Click on that icon and the mask will pop up next to your layer you have selected. It will be white when it first comes up. By picking the opposite color that the mask is already – generally black – you can start painting in what you want to hide. To reveal more, you can paint in white.
Create Layer Mask From Transparency
You can create a layer mask from a transparency. If you have a png file:
You can create a transparency mask from this. Go to Layer>Layer Mask>From Transparency. This will automatically select all the pixels that exist and create a layer mask from this transparency.
As you can see from my example, all the little squares are hidden. That was the area that didn’t have pixel information. So the pixels were not selected for the mask. Instead, it selected the fish because that was the area with the pixel information.
There is another way to select all these pixels to create a layer mask from that selection. You could go to Select>Select All and that will select all of your pixels. To create a mask that will not cover up your image but cover all the area information around it, you would then go to Select>Inverse. Now press Alt + . This is the long way around, which, I admit, I was victim of this method for quite a while. It is a much longer way of getting the same, simple result.
Duplicate a Layer Mask
There will be times that you will want to duplicate layer masks. You may want to duplicate the same one on multiple layers. No worries. This process is easy enough to do.
Hold down ALT + click and drag the layer mask over to the layer you want to copy it to.
Move a Layer Mask
If you want to move a layer mask, it’s pretty much like any other program. Just click and drag the mask to the layer that you want it to go to.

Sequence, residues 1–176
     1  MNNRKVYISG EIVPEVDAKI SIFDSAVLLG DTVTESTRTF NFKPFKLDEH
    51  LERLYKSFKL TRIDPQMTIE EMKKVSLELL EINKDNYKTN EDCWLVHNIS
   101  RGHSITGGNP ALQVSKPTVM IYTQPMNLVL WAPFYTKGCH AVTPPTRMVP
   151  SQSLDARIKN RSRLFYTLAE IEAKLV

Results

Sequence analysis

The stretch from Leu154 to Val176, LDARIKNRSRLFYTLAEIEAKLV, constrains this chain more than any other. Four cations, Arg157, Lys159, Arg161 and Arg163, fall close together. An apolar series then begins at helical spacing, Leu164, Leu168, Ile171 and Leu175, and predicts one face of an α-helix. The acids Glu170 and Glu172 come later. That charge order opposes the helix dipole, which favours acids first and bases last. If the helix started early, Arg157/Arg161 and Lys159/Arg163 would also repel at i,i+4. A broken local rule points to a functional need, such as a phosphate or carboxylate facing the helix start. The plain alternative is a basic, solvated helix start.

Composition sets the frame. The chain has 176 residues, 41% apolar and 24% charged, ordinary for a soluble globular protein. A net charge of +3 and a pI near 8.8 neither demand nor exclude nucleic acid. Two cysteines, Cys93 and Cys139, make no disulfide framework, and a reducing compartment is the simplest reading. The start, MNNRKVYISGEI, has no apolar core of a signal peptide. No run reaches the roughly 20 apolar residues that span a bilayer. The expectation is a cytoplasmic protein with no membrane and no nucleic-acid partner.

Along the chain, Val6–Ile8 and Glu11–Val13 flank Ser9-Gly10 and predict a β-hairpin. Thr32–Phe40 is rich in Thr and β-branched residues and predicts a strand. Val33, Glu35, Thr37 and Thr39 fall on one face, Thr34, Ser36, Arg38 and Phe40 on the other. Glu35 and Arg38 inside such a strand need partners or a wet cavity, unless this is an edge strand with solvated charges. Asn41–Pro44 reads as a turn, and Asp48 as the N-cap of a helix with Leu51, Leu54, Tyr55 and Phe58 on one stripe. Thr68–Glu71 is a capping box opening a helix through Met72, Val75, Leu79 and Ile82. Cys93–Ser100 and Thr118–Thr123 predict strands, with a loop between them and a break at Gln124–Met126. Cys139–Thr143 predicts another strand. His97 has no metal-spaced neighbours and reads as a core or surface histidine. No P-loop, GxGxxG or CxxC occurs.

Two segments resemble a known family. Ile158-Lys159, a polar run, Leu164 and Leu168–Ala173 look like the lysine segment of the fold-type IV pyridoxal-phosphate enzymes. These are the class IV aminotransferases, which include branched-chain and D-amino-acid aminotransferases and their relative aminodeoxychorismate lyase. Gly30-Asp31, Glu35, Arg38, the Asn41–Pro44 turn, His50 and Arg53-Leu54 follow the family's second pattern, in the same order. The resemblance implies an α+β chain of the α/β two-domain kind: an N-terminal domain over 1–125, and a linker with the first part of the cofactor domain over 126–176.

View and Hide Layer Masks
In order to hide a layer mask, hold down the SHIFT key and left click the layer mask. This will show a large red X over top the layer mask.
Now, your mask is hidden. To unhide the mask just click on the mask.
To view your mask alone, click the ALT key and click the layer mask. This is a really helpful thing to do. Sometimes as I’m coloring in a layer mask, I miss spots. So, it’s good to pull this up on its own and double check these little holes and other things.
Unlink Layer Mask
To unlink a layer mask from a layer you will see a little chain link set between the layer image and the layer mask. Press and hold the ALT key while you click on the link. That will unlink the two items and will also return the link between the two items to get them linked again.
Delete a Layer Mask
To delete a layer mask you can just click and drag the layer mask to the garbage can down at the bottom right of your layers panel. Or while the layer mask is selected, click on the garbage can. It will ask you to confirm the deletion before it completes the action. So, you get a second chance to make sure you definitely want to do it. And, no worries, if you realize that you didn’t actually want it done you can click the undo right away.